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    9 Tips for Running a ‘Tween’ Company

    Entrepreneurs and leadership teams have challenges and obstacles that are unique to each phase of a business lifecycle. As an entrepreneur and/or key leader in a startup or growth company, you have to be flexible in your thinking and adapt your strategy as you progress the business. As a company grows, different strategies and approaches are required; for example, moving from initial market penetration to what is required to achieve growth or retain market share.

    Sumo Logic CEO Ramin Sayar has his own unique view on the stage that comes after the initial startup phase,

    “This is a strange, yet exciting stage of a business lifecycle — I call it the ‘tween’ stage. We don’t have the carefree attitude of a startup or the secure feelings of a more mature, late stage company ready for IPO (a teenager) — we are in the middle and have our own challenges and opportunities as a company in this stage.”

    In this slideshow, Ramin and two other CEOs, Charles Ramsey of Sauce Labs, and Art Landro of Sencha, share their views and tips with other entrepreneurs and companies falling within this “in between” stage in the business lifecycle.

    9 Tips for Running a 'Tween' Company - slide 1

    Entrepreneurial Advice: Beyond the Startup

    Click through for advice and tips entrepreneurs and companies can  use when they’re no longer considered startups but are not ready for an IPO, as identified by Ramin Sayer, CEO of Sumo Logic; Charles Ramsey, CEO of Sauce Labs; and Art Landro, CEO of Sencha.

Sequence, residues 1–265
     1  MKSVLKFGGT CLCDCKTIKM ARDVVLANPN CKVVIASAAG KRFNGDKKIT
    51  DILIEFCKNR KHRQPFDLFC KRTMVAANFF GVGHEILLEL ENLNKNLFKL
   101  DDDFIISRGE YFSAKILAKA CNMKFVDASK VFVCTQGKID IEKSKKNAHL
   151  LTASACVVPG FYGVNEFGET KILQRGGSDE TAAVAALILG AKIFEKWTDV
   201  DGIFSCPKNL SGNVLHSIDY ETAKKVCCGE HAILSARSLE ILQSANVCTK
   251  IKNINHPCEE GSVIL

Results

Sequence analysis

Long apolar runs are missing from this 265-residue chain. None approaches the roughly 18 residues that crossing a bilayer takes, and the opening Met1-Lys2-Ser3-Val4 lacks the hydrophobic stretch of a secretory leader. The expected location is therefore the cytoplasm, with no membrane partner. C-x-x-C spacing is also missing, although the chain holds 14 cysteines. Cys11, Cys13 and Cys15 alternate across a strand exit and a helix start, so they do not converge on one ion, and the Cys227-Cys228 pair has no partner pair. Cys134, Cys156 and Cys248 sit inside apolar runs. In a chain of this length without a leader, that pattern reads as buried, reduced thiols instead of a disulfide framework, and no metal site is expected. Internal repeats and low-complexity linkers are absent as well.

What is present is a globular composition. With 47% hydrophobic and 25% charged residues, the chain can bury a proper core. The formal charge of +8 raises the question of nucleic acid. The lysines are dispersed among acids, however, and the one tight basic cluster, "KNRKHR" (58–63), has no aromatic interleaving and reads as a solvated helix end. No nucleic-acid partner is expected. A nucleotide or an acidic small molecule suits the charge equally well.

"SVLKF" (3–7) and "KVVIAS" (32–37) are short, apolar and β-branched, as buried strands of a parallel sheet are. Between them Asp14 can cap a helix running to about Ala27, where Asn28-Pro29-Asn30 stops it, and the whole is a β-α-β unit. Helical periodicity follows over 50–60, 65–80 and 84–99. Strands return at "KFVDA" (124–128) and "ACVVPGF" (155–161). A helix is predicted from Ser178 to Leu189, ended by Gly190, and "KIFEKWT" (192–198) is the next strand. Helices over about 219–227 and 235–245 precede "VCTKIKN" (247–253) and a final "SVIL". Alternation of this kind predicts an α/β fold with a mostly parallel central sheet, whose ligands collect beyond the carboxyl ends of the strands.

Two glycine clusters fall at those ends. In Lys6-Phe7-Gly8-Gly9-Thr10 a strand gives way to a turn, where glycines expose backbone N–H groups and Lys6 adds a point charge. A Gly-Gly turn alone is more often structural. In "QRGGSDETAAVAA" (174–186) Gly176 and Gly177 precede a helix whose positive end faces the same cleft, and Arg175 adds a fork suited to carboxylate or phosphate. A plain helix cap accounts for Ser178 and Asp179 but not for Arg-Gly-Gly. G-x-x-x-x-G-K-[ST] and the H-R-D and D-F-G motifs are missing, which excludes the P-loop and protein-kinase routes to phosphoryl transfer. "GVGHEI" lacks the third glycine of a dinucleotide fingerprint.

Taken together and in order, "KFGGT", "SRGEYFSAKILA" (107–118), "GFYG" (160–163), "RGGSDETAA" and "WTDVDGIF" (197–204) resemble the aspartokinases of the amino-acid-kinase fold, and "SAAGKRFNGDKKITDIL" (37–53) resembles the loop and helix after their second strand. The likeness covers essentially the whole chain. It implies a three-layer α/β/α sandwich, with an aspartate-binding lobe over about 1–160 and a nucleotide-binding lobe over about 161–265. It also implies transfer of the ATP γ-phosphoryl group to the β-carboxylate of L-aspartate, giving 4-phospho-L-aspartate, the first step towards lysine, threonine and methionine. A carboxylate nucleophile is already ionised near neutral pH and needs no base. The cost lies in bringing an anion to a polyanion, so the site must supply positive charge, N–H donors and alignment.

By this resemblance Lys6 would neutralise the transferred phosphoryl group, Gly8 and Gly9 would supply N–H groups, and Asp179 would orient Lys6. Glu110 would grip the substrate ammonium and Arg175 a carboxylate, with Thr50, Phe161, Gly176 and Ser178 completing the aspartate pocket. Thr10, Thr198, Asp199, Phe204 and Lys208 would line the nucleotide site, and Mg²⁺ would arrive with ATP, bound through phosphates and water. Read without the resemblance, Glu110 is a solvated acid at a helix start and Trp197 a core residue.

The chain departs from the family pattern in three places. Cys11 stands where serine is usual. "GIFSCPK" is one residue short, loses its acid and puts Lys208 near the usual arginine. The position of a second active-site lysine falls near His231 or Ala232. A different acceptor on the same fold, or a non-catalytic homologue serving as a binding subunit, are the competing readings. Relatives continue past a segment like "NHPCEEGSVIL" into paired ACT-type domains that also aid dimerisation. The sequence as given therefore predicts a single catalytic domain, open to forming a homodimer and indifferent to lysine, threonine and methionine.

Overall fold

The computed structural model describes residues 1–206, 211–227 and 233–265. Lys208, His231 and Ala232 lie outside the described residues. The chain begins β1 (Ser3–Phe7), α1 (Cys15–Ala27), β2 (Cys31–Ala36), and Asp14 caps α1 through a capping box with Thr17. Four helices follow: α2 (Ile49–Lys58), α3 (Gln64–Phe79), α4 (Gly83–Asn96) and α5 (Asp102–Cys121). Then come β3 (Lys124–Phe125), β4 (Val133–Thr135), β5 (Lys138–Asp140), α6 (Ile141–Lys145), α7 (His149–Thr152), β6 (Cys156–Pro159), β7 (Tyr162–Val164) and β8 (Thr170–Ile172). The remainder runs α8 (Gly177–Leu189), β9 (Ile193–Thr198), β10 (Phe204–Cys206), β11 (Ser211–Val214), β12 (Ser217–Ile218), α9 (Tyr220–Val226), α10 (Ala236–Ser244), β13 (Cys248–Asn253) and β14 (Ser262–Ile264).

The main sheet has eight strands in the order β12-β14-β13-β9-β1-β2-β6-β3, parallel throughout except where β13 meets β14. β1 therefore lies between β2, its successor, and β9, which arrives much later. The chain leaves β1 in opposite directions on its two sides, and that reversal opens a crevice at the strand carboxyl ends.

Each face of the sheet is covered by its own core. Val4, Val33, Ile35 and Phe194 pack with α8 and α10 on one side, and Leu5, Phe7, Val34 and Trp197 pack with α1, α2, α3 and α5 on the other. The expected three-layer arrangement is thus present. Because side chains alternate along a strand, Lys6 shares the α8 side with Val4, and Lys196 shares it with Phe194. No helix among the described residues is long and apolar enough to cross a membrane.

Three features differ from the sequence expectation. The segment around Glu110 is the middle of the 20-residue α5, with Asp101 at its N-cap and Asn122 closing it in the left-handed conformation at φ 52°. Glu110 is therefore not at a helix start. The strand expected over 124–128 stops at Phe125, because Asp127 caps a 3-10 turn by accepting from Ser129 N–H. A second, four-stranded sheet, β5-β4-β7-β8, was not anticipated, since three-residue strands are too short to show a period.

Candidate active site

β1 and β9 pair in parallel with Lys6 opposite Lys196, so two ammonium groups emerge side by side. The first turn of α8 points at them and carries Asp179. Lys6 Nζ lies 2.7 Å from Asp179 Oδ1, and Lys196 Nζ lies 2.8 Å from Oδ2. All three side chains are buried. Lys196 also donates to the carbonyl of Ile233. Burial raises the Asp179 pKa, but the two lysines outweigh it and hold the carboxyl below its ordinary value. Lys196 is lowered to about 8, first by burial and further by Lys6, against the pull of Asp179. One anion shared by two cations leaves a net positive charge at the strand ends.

9 Tips for Running a 'Tween' Company - slide 2

    Telemetry-ize Everything

    Instrumentation becomes key for any company looking to build sustainable scale. Evolve to a data-driven organization from top to bottom and ensure that there are clear objectives and key results that are just beyond reach. It is critical to constantly measure every aspect of the business, so you know where and how to invest to take the business to the next level.  
    — Ramin Sayar, CEO of Sumo Logic

    9 Tips for Running a 'Tween' Company - slide 3

    Scribe and Subscribe

    Scale requires clarity and alignment. The first step is to write down who you serve, why you are relevant, and the core values and culture that will make or break your organization’s success. Then, engage broadly and deeply with the organization for belief in a common purpose and the journey ahead, making clear what is expected of them and how to operate as one team.
    — Ramin Sayar, CEO of Sumo Logic

    9 Tips for Running a 'Tween' Company - slide 4

    Mind the Gap of the Talent Trap

    High-growth organizations are constantly changing. The challenges of getting to $10 million in revenue with several hundred customers are very different at 10X. Leadership must constantly navigate the gap between what is required to get to the next level and the talent they have on hand. Ultimately, you need to know when to develop existing talent or trade up and find new people.
    — Ramin Sayar, CEO of Sumo Logic

    9 Tips for Running a 'Tween' Company - slide 5

    Be Open to Change

    The tween stage introduces opportunity disguised as the difficult, ungainly first steps toward maturity. Every stage of an organization has its potential pitfalls, but this is one of the most complex stages as the team needs to change in lock step with the evolving expectations of the customer.